Wednesday, November 21, 2012

More from the 20" x 16" series and working large

A couple of posts ago I had written that I was starting a new series of panels measuring 20" x 16". Here are two I'm happiest with:

I'm intrigued with the blue piece. It's hitting a sweet spot between representation and abstraction. After making this piece I experimented with abstraction in mind: 

There are elements I like in these, but overall none of them are completely working.

So, I like two out of fourteen. I'm batting .140. Given this I have decided to work smaller, using 10" x 8"masonite panels. I'm calling these pieces sketches.

Along with abstraction, I'm experimenting with color. I've been looking at early Renaissance painting for inspiration, like this Annunciation by Fra Filippo Lippi:

I want my work to glow the way this painting does. Talk about raising the bar. I feel a combination of inspiration and desperation when I look at this piece. When something this beautiful has been painted why should I even bother? I try to get over myself and just get to work when this emotion overwhelms me.

I've been itching to work large for a few months. Inertia and its sibling fear have been holding me back. So I finally decided to just to dive in. I started by making 12" x 9" sketches. I then photographed them and enlarged them to the final size I wanted the pieces to be (48" x 36"). I then printed it on cheap paper at this larger size so I could get a sense of how they would feel large. Here are the finished pieces.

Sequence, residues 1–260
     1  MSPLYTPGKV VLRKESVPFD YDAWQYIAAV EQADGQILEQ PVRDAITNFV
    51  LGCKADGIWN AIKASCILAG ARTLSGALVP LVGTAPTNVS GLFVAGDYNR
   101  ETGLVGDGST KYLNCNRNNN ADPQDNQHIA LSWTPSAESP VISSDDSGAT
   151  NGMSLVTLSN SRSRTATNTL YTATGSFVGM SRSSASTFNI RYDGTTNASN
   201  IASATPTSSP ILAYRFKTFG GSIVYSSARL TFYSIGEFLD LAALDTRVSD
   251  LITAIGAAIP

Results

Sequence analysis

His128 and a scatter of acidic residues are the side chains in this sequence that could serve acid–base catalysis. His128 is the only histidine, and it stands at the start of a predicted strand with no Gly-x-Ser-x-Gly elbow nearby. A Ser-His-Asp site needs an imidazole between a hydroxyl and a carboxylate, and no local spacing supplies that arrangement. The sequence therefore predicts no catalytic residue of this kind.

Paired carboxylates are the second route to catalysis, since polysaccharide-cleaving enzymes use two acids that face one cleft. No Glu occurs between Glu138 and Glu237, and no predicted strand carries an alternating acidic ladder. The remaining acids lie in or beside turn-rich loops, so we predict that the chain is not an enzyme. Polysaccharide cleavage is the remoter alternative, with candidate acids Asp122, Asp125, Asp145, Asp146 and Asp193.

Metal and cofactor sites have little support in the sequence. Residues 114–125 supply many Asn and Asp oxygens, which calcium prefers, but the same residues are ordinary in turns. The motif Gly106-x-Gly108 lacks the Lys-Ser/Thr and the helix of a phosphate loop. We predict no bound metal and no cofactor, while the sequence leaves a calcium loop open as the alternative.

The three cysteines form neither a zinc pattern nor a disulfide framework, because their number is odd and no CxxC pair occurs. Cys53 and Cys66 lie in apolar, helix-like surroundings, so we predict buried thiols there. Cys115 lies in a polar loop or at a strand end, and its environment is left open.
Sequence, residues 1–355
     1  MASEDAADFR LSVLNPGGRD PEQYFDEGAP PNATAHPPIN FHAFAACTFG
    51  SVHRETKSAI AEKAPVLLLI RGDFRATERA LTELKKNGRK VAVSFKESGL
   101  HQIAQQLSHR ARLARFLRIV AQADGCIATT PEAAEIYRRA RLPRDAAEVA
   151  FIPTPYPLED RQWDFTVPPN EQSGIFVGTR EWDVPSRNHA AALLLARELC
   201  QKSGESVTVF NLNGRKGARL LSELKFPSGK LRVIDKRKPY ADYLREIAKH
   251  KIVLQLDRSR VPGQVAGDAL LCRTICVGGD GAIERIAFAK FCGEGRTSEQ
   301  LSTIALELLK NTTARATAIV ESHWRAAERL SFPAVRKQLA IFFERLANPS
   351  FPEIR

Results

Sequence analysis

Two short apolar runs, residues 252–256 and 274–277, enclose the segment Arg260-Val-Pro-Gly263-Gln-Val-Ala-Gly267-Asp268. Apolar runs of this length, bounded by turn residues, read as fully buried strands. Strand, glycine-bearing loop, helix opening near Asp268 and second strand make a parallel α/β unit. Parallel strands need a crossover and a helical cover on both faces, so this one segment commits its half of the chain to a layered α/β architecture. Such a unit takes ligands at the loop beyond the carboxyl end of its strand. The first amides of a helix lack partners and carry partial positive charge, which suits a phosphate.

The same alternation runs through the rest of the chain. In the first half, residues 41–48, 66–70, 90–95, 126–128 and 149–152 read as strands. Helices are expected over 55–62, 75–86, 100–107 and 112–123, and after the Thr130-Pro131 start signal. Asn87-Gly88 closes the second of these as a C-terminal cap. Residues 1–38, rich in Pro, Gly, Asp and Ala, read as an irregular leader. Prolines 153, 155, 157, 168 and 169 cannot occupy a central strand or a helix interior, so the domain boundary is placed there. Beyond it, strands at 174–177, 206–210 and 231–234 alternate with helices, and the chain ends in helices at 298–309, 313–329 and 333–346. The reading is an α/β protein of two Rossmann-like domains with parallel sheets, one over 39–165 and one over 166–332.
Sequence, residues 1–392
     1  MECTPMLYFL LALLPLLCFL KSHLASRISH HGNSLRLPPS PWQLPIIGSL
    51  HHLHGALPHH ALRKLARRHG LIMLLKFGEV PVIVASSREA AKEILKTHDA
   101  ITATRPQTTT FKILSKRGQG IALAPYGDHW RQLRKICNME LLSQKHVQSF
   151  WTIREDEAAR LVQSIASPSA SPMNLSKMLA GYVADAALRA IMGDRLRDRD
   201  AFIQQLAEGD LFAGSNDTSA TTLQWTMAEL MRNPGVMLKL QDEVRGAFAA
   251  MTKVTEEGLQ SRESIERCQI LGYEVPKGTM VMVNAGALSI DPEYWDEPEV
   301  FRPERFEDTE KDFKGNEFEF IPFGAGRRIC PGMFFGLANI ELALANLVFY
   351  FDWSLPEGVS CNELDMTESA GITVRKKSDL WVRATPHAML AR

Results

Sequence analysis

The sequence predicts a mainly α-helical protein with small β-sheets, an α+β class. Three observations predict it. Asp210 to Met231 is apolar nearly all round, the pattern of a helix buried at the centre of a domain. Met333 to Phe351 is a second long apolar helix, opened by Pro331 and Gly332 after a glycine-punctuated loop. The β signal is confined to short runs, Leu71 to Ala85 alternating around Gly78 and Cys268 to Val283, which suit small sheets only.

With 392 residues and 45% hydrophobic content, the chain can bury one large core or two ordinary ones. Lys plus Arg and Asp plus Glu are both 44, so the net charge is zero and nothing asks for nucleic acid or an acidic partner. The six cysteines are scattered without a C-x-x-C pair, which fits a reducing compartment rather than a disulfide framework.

I've learned a lot from making these. Scale makes all the difference in the world. At a smaller scale these pieces work. They have a glowing, intimate quality. But at 48" x 36" that glow and intimacy gets lost. And the uneven surface is very distracting. I need to keep the surface even and smooth, which is extremely difficult at this scale. With the top dark blue piece I disguised this unevenness by painting the encaustic in a circular pattern. I can't tell if I like it yet. It feels like cheating anyway; I'd like to be able to get it smooth even if I choose to employ this circular pattern. 

When I apply encaustic to a cold (rather than warm) panel it yields a bumpy surface. It's close to impossible to keep such a large panel warm the way I have been working. So to keep the large surface evenly warm I have made a rig and hung 200 watt lamps from it:

I'm planning on making another larger piece. But I want it to be more square than the two I have already made. Something like 40" x 32".